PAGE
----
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Can MLB, players' union get on the same page in restart negotiations?

Major League Baseball Commissioner Rob Manfred speaks to

Major League Baseball Commissioner Rob Manfred speaks to reporters before an opening day baseball game between the Cincinnati Reds and the Pittsburgh Pirates, Thursday, March 28, 2019, in Cincinnati.  Credit: AP/John Minchillo

Rob Manfred had no problem giving his 100% guarantee that baseball will happen this year.

As for the players’ salaries, the key holdup in these negotiations? That percentage has been considerably less, never going above 75 to this point. And if Manfred plans to do the same with this next proposal, as he suggested in Wednesday’s remarks, the commissioner should probably save his breath.

Ultimately, what this comes down to is how much the owners want to pay for this season and the next proposal -- presumably Friday -- has the feel of being precariously close to a last-best offer from Manfred. Because the union is almost certain to reject any pitch that doesn’t include full prorated pay -- a stance the players have made abundantly clear for months now -- that would put the sport on the brink of a commissioner-mandated season of roughly 50 games.

“We're hoping it's a proposal that will elicit reciprocal movement from the player side,” Manfred said Wednesday. “That they'll get off the hundred percent salary demand and recognize that 89 games in this point in the calendar, and in a pandemic, it’s just not realistic.”

These negotiations began on May 12, and the Players Association has not budged a single percentage point on salaries in any of the proposals since that date. By now  Manfred certainly realizes there is likely a zero chance the union bends on that 100% this time around.

So why make that public pitch on MLB Network before Wednesday’s draft? It was aimed at the baseball-adoring audience. As he said, there is going to be a season, one way or the other, so this at least has the spin of good-faith negotiating.

The reality seems to be something very different. During the past week, three owners have gone on the record to talk about their finances, mostly to express how people don’t realize that running a baseball team doesn’t make as much money as they think. As PR campaigns go, this is not a winning strategy for a $10.7-billion industry, especially in the current climate, but that didn’t stop them from trying.

    "The industry isn't very profitable, to be quite honest," Cardinals owner Bill DeWitt Jr. told 590 The Fan in St. Louis. "And I think [the players] understand that. But they think owners are hiding profits. There's been a little bit of a distrust there.”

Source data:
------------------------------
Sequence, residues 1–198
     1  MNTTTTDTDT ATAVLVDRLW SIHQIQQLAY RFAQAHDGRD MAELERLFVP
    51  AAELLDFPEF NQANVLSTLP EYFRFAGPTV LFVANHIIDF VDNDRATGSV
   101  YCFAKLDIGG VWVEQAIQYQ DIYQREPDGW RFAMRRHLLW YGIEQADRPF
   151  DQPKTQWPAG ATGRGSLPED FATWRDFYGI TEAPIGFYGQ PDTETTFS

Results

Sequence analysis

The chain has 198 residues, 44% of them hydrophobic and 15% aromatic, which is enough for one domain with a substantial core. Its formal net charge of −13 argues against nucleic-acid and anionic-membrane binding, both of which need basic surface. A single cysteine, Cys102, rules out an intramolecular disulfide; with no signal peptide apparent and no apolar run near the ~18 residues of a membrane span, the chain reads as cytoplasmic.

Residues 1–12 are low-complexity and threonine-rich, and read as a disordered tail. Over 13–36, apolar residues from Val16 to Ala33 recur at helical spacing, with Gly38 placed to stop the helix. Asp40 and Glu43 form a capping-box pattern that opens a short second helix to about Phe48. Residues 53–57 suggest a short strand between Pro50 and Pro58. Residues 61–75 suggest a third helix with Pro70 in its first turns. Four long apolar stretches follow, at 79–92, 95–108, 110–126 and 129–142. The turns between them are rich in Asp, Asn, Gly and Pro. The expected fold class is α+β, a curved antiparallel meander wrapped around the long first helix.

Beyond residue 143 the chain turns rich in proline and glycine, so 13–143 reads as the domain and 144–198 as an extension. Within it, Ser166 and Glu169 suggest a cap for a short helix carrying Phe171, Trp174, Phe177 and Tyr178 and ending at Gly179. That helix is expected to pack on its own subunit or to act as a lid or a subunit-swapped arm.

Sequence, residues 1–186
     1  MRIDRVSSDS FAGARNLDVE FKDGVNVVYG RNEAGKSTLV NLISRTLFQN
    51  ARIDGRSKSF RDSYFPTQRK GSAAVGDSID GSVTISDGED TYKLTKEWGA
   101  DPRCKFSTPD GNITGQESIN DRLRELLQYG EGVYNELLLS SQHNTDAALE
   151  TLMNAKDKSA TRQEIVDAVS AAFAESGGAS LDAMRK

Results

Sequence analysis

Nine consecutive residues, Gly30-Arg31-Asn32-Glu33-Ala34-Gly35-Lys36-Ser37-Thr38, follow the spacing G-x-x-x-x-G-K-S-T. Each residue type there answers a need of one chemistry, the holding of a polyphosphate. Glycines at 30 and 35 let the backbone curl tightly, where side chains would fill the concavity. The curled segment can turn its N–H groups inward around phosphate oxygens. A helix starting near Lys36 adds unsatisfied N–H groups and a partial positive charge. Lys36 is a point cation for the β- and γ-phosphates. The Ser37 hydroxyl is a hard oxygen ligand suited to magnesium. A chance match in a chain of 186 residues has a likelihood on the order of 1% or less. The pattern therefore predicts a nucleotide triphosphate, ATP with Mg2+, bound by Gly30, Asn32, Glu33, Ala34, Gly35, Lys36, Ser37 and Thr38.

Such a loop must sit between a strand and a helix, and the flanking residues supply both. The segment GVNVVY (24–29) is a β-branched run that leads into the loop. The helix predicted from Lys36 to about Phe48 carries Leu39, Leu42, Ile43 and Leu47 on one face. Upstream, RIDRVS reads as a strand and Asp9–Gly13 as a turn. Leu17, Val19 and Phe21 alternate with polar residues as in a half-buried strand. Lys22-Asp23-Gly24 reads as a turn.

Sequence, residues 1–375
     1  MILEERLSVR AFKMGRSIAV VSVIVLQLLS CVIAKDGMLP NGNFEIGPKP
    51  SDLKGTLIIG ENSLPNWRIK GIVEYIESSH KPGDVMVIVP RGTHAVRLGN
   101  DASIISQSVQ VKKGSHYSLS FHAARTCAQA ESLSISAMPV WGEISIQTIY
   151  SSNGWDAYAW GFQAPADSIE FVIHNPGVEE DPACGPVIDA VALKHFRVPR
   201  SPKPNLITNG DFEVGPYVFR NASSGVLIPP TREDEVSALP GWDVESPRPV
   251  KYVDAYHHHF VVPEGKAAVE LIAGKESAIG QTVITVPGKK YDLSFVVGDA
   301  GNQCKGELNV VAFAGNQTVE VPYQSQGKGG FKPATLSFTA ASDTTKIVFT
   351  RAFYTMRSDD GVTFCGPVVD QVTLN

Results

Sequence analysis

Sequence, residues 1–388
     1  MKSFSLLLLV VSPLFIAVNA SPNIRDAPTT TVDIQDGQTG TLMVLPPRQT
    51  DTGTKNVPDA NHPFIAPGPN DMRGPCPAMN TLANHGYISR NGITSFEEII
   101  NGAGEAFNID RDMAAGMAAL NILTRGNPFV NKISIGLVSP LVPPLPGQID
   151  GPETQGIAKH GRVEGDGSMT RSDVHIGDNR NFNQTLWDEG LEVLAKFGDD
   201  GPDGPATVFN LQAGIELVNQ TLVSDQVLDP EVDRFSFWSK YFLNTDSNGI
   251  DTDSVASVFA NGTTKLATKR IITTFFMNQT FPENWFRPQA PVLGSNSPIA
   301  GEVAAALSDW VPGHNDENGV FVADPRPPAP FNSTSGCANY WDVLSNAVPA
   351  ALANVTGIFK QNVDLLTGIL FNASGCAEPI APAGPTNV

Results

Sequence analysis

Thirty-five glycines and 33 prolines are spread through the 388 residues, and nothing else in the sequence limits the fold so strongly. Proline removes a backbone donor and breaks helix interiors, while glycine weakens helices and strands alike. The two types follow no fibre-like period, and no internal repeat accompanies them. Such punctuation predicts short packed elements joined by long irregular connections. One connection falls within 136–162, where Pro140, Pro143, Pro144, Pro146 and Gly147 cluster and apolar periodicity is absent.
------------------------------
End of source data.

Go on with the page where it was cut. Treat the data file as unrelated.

DeWitt is right about the distrust. The players aren’t buying it, and never have, which is why they’ve stuck to their stance on the full prorated salaries. The Nationals’ Max Scherzer again went on the attack Thursday night, returning to Twitter to mock DeWitt’s claims.

    “Some owners have mentioned that owning a team isn’t very NET profitable,” Scherzer wrote. “You know what other company isn’t very NET profitable? Amazon.”

    That pretty much sums up the state of these negotiations. Manfred is working to appease the owners, who are pushing him to limit the cost of this season, and the players see this as merely fighting to being paid at the pro-rata basis they agreed to in March.

    To date, MLB has made two proposals. The first was for 82 games at a sliding-scale rate for salaries that took the biggest percentage cut from the highest-paid players. The second was for 76 games at guaranteed 50% pay with a potential boost to 75% if the playoffs were completed. The Players Association has countered with 114 games and 89 games, both at 100% prorated salaries.

“We have a duty now to leave the game in better shape," the Cubs’ Jason Kipnis told ESPN 1000 in Chicago this week. "And if we take concessions now ... if you give them an inch, they take a mile, with these owners sometimes.”

    Manfred doesn’t need the union’s approval to proceed with a season. He’s empowered by the March 26 agreement to set the schedule himself if a deal can’t be reached. But if Manfred gets frustrated enough to go that route, that likely means no expanded playoffs, the most lucrative part of the schedule for the owners.

    Both sides had included those expanded playoffs in their most recent proposals, for as many as eight teams from each league, and also settled on a July 10 Opening Day, even if they had different views on when the season would end.

    At this grinding pace, however, these negotiations are playing to the owners’ obvious goal of a shorter season. Manfred has made no effort to hide that part.

    “Each and every day that goes by, we lose the capacity to play at least one game,” Manfred said Wednesday during his ESPN appearance, “and that’s really the time pressure that’s significant at this point in time.”

New York Sports